While all Wear OS watches ship with Google Fit, Mobvoi has sensibly decided that it’s not the best solution and has a built-in alternative, TicExercise, that’s bound to one of the buttons. It includes outdoor running, walking, rowing and cycling supported by the onboard GPS, as well as indoor options for all three and a catch-all freestyle mode for weights and other gym activity.
The TicWatch Pro’s display is excellent. Not only does it have the bonus of the LCD screen for nice clear running information as you’re running, but it manages to pack a lot of useful info into a relatively small area: a clock, your current heart rate, estimated calorie burn, distance travelled and your pace. The only downside is that I can’t see any way to customise the data on display – I personally value average and current pace when striving for a PB, but you can’t argue that it’s more data than a lot of watch apps manage to show, including Google Fit.
But there’s another “but” – and it’s a big one. GPS is extremely fast to lock on, but perhaps too damned fast, because accuracy leaves a lot to be desired. Running with both the 2020 TicWatch and my personal Garmin Forerunner 245 over three 4-5km runs, I found the TicWatch to be between 0.22km and 0.59km behind the usually extremely reliable Garmin. It may be a faulty unit, of course, but suffice it to say this level of inaccuracy is nowhere near good enough.
Working Out With The Mobvoi TicWatch Pro 2020
Working out with the 2020 TicWatch comes under the aforementioned freestyle category of the TicExercise app, and there’s really not much to it. Before you begin you can set a target number of minutes or sets if you wish, and once you start the watch shows the time per set and your heart rate. When you complete a set, tap the touch screen to begin the next set, where the watch will show you overall time alongside your current set duration.
Interestingly, if you set a target, the watch will merely buzz when you reach it and won’t end the workout automatically, leaving you to stop recording manually with a swipe to the left. After you’ve finished, it will tell you the percentage you completed of the workout goal you set (which can go over 100% if you push on through) alongside time, heart rate, number of sets and estimated calories.
All pretty perfunctory, but fine if you’re a dedicated gym devotee who already knows what works for you. If you need a bit more direction, then a Fitbit with a subscription to Fitbit Premium may be a better choice.
Sleep Tracking With The Mobvoi TicWatch Pro 2020
While the TicWatch Pro 2020 does support sleep tracking, it doesn’t do so out of the box. Instead you have to download the TicSleep app from the Google Play Store, and then update the TicHealth app for good measure, which is a bit fiddly.
The feature set is pretty good. You can view things on the watch, but you’re better off loading it up on the Mobvoi mobile app. There, you’ll find out how long you slept for, with the data broken down into Awake, REM, Light sleep and Deep sleep. It will also estimate how long it took you to nod off and give you the overall total, both for the day and as a weekly average. Alongside this data, the watch will offer tips on how to improve some of the things it tracks, which is a nice touch.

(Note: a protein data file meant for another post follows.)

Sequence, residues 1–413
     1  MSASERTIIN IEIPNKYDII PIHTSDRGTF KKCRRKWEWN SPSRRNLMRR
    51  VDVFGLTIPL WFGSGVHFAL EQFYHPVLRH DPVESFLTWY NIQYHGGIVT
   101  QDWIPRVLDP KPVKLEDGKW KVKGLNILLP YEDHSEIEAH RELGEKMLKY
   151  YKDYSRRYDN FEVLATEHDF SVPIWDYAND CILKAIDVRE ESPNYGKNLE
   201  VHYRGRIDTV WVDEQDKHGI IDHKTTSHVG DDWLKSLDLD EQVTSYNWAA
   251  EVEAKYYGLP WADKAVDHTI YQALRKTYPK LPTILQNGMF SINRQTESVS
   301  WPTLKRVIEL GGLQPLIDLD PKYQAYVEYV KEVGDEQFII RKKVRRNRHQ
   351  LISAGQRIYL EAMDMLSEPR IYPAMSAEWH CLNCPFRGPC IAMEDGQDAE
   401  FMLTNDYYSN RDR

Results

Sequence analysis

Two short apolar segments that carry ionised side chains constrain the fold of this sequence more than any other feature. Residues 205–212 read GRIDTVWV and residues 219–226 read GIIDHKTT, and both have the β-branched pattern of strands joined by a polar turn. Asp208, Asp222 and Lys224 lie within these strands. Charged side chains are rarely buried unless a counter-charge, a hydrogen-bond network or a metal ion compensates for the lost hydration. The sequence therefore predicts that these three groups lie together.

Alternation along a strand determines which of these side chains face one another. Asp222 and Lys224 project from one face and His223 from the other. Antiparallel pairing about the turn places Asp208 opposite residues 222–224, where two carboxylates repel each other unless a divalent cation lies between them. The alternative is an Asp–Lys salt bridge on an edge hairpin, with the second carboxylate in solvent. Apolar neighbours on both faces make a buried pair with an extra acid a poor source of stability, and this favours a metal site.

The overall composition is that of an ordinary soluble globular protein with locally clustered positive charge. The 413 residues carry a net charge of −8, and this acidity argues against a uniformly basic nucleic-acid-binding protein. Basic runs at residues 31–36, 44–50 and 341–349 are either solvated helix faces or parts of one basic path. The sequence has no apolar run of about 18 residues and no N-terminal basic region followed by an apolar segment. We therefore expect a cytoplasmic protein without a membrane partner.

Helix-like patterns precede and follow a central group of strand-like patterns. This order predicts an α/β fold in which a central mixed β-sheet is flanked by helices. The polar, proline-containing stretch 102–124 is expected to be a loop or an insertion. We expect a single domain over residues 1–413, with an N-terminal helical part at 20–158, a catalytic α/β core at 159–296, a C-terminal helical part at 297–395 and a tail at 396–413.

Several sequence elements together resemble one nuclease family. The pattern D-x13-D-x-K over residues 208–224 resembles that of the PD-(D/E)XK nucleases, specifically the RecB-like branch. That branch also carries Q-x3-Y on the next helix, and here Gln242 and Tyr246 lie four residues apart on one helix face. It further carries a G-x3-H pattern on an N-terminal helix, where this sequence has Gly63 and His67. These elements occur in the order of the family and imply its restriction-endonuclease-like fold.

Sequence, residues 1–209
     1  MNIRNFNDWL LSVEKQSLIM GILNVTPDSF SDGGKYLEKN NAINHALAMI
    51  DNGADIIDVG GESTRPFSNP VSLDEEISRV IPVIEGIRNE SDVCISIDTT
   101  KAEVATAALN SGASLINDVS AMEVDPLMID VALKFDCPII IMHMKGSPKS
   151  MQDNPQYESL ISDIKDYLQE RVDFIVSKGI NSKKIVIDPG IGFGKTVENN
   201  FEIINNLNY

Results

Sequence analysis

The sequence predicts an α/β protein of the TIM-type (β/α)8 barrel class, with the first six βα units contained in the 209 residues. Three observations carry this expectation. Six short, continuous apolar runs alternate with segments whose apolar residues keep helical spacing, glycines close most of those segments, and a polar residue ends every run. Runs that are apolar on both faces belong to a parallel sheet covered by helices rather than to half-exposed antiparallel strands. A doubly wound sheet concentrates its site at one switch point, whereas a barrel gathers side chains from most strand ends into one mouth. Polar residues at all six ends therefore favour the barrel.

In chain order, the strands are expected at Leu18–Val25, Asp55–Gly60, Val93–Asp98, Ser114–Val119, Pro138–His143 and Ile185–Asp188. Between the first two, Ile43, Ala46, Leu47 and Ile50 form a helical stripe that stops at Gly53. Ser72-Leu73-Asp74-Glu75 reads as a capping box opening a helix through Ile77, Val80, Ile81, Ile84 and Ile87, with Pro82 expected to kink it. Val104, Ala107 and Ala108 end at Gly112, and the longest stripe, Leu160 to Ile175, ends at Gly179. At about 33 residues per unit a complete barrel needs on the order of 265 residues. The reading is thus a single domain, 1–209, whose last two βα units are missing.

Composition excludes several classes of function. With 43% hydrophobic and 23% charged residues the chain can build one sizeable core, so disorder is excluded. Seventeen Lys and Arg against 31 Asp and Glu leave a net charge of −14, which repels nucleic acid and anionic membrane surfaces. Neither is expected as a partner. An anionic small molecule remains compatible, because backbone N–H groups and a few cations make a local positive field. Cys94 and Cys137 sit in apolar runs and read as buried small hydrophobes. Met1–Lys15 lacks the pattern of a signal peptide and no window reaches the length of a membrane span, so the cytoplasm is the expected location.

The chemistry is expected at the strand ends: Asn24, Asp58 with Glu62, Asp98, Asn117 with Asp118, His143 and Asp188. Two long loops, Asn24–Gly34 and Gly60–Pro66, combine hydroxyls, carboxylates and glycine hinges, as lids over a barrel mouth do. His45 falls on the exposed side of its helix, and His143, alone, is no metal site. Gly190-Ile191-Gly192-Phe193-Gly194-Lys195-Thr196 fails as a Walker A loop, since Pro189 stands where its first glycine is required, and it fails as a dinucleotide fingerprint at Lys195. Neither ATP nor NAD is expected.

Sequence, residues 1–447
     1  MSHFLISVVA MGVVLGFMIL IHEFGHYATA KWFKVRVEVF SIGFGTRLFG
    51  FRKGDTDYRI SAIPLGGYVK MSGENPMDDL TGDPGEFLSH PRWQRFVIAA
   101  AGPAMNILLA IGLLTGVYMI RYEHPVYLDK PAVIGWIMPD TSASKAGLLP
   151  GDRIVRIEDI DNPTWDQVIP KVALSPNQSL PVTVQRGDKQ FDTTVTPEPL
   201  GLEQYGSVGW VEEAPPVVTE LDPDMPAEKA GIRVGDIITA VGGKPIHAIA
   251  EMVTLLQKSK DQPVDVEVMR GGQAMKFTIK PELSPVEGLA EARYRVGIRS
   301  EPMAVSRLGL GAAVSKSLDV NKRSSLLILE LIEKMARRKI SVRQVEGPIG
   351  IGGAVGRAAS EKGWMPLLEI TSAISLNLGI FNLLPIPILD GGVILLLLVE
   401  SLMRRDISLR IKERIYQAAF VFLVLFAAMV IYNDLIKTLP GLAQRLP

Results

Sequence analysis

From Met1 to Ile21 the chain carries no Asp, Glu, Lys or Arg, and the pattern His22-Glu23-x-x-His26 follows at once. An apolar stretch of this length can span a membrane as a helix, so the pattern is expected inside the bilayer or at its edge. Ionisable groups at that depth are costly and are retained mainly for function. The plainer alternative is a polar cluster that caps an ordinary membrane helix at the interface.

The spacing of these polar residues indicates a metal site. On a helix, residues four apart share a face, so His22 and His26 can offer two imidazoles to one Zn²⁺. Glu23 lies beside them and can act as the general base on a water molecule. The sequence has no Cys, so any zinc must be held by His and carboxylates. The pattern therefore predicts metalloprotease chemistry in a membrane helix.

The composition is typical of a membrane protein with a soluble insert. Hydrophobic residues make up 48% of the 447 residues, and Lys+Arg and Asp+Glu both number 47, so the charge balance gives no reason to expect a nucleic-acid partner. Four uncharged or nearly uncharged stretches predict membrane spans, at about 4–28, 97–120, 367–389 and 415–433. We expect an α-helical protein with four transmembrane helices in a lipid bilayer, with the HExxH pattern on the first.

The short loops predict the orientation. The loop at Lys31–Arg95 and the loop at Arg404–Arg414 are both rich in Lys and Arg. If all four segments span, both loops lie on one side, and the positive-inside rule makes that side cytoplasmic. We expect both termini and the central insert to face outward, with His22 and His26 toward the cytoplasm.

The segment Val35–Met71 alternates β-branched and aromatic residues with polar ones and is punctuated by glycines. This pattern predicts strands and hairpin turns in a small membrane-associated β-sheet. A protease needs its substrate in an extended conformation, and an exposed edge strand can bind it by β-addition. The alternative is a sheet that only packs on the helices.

All useful stuff, but I’m slightly dubious about the heart rate tracking, which claimed unusual spikes of around 120 each night and an average heart rate of around 70. Given my Garmin watch returns an average daytime resting heart rate of 50 to 70, such spikes feel pretty unlikely during sleep (when Garmin puts me in the low 40s).
Still, this shouldn’t take away from the main qualities of the sleep tracker, and it’s definitely a nice feature to have – especially when other Wear OS devices like the Moto 360 and Suunto 7 don’t have any solutions at all.
Battery Life With The Mobvoi TicWatch Pro 2020
Mobvoi promises that the 2020 TicWatch Pro will last between two and 30 days. That’s not a typo: it’s a massive 672 hours between the best and worst case scenario – so what gives?
In short, prepare for the worst. Mobvoi says you’ll only get between two and five days with the full smartwatch experience, and I’ve found that to be optimistic – one and a half was more typical.
That 30-day battery life is based on exclusively using Essential Mode for the duration. A more likely scenario is that you’ll switch to it when seeing you have just 10% battery remaining – but even then you should be able to eke out another three days of use, if Mobvoi’s estimates are correct, making it an excellent feature that other smartwatch makers should consider adopting.
Where Can I Wear The Mobvoi TicWatch Pro 2020 Without People Laughing At Me?
Most places, I would have thought. Like most smartwatches the 2020 TicWatch Pro is undeniably chunky but, rather than trying to pretend it isn’t, Mobvoi has embraced that with a rugged design so it appears intentional. There’s a thick, chunky bezel that has the numbers printed on the outside with the screen(s) indented slightly below them.
In other words, it may not be the kind of watch you’d wear to a black tie event, but in most places you’ll be fine. It’s just that people may assume you’re more interested in the great outdoors than you actually are.
Should You Buy Something Else?
I like the 2020 TicWatch Pro, but if you’re looking for a fitness smartwatch the answer has to be yes. The kind of GPS inaccuracies I experienced on my test runs were far beyond a fair margin of error and well into the comical.
That’s a pity because by all other measures, the TicWatch Pro is an excellent wearable. It’s decent-looking, it’s packed with features and the dual display technology is truly unique.
But without rock-solid fitness chops, it ultimately falls flat – and even if you have a dedicated fitness tracker for your runs and want an Wear OS option for day-to-day life, you’re better off with the Moto 360, which ultimately looks classier.
Alan is a freelance tech journalist and mostly covers fitness trackers for Coach.
Alan was not what you would call a big fitness guy growing up, but has been radicalised by parkrun and taken up running in a big way. Although nowhere near podium at races, as a late starter he does at least know that he can still get faster. Alan has written for ShortList (opens in new tab), Tom’s Guide (opens in new tab), Trusted Reviews (opens in new tab) and Expert Reviews (opens in new tab), among others.